How long after a criminal charge or conviction an individual must wait before submitting a petition for expungement varies by state. In most jurisdictions, the individual was acquitted, or the charges were dismissed, an expungement can be requested immediately. If the individual was convicted, he may be able to request an expungement as soon as all provisions of his sentence have been carried out, including the payment of fines and restitution. Timing of an expungement varies so greatly, depending on the crime, the outcome of charges and/or prosecution, and the state.

Costs of an Expungement

Petitioning the court for an expungement is not without monetary expense. Most courts require a filing fee be paid at the time the petition is filed with the court. This varies by state, and may be anywhere from $50-$150 or more. In most cases, a low income individual may be able to obtain a fee waiver, which allows the petition to be filed at no cost. It is not required that the petitioner hire an attorney, but because expungement can be a complex process, it may be a good option. Many attorneys who handle expungement charge a flat fee, often ranging from $500-$1,000 dollars. There may be other fees for obtaining certain documents and fingerprint verification.

Related Legal Terms and Issues

  • Acquit – To relieve someone from a criminal charge; to declare not guilty.
  • Authority – The right or power to make decisions, to give orders, or to control something or someone.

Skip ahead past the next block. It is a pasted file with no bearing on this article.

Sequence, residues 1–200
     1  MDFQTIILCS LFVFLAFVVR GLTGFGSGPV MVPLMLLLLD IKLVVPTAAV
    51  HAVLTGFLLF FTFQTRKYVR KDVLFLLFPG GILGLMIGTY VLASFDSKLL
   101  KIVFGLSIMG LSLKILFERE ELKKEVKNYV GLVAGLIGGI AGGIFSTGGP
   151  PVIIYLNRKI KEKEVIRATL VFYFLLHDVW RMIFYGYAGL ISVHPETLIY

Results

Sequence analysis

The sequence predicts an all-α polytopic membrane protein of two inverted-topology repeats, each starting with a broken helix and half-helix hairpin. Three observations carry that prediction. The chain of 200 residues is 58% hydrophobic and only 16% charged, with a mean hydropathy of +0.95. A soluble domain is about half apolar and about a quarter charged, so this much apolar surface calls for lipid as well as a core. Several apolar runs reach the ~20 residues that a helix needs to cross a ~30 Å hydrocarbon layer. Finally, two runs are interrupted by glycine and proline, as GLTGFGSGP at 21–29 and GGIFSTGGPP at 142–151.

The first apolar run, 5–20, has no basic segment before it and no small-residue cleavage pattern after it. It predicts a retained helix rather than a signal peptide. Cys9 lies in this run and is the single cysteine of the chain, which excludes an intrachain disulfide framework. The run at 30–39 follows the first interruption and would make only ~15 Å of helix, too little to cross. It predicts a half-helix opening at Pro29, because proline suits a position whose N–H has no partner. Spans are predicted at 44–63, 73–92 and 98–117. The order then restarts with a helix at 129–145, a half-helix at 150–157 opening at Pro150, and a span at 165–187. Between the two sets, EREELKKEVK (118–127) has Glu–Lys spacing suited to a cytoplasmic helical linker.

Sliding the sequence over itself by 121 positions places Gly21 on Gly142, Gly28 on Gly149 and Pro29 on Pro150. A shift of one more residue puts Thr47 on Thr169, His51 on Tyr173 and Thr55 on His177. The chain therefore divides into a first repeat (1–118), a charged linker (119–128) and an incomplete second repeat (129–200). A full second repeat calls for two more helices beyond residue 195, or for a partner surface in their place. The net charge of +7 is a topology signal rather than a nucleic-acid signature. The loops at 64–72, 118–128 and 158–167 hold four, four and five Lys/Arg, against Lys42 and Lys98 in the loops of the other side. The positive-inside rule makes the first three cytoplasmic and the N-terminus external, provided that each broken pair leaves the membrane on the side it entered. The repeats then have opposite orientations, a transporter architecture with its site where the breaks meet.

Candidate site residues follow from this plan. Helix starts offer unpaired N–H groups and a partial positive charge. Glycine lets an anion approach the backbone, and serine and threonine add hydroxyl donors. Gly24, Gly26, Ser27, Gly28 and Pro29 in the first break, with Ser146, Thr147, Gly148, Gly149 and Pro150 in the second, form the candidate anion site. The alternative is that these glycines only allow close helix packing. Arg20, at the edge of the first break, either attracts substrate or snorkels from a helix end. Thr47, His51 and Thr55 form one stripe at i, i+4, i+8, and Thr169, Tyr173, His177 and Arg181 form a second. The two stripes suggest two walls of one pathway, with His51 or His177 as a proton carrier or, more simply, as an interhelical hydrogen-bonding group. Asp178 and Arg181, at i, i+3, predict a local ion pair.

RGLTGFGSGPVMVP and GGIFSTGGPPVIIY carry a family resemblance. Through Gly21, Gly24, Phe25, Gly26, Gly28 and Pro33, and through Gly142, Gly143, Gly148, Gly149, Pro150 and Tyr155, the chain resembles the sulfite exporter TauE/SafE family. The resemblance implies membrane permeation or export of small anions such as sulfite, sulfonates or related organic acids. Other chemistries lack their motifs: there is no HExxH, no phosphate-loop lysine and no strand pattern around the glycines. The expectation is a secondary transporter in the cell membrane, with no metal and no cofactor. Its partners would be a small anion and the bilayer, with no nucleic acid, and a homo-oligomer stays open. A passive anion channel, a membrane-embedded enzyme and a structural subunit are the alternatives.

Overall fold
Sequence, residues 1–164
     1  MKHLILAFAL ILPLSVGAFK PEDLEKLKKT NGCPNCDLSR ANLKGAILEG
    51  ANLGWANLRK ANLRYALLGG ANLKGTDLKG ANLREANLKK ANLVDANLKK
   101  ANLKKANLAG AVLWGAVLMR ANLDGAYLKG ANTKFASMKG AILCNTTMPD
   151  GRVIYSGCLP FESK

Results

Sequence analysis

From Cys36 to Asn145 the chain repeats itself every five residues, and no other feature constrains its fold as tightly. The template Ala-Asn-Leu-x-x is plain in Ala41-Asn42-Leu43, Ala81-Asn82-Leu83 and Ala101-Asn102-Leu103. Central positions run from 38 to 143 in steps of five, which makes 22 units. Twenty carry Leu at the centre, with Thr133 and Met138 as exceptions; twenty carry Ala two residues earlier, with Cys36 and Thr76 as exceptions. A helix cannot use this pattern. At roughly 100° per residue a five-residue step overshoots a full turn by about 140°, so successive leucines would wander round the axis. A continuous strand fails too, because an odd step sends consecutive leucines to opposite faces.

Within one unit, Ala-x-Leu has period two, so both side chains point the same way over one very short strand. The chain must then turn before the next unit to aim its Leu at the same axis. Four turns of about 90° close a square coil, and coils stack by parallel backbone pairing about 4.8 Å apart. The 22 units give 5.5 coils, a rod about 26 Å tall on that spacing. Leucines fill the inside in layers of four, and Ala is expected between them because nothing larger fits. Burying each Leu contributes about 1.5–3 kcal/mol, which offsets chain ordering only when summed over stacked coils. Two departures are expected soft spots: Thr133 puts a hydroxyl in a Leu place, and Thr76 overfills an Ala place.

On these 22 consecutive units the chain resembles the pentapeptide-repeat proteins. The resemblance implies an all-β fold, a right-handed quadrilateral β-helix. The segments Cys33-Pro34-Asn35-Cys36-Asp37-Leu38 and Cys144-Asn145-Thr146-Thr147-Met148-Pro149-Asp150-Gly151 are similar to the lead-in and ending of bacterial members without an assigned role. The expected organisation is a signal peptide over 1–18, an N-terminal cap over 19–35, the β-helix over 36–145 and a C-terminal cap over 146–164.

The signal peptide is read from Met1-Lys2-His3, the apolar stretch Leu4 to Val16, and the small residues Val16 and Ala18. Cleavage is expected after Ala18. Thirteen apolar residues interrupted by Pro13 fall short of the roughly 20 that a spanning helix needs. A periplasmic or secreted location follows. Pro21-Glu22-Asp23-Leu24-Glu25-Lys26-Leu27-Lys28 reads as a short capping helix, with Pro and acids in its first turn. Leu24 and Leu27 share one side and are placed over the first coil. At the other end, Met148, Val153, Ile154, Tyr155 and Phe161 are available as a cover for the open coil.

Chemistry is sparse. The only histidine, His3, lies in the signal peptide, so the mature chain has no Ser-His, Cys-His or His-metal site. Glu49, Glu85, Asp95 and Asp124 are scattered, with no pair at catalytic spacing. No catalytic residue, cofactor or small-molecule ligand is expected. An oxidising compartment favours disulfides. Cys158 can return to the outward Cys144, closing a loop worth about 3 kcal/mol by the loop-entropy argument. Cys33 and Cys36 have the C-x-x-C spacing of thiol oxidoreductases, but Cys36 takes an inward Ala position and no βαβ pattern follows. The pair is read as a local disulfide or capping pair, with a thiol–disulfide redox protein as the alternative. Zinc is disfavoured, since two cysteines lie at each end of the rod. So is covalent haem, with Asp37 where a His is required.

• Criminal Charge – A formal accusation by a prosecuting authority that an individual has committed a crime.
  • Criminal Proceedings – A legal process to prosecute an individual charged with the commission of a crime.
  • Deposition – The out-of-court sworn oral testimony by a witness, which is transcribed into writing for use in a legal proceeding. The witness is questioned by the attorneys for both parties, and no judge is present.
  • Hearing – A proceeding before the court at which an issue of fact or law is heard, evidence presented, and a decision made.
  • Jurisdiction – The legal authority to hear legal cases and make judgments; the geographical region of authority to enforce justice.
  • Offense – A violation of law or rule, the committing of an illegal act.
  • Petitioner – The individual who initiates legal proceedings by filing a petition, also referred to as “plaintiff” in some cases.
  • Trial – A formal presentation of evidence before a judge and jury for the purpose of determining guilt or innocence in a criminal case, or to make a determination in a civil matter.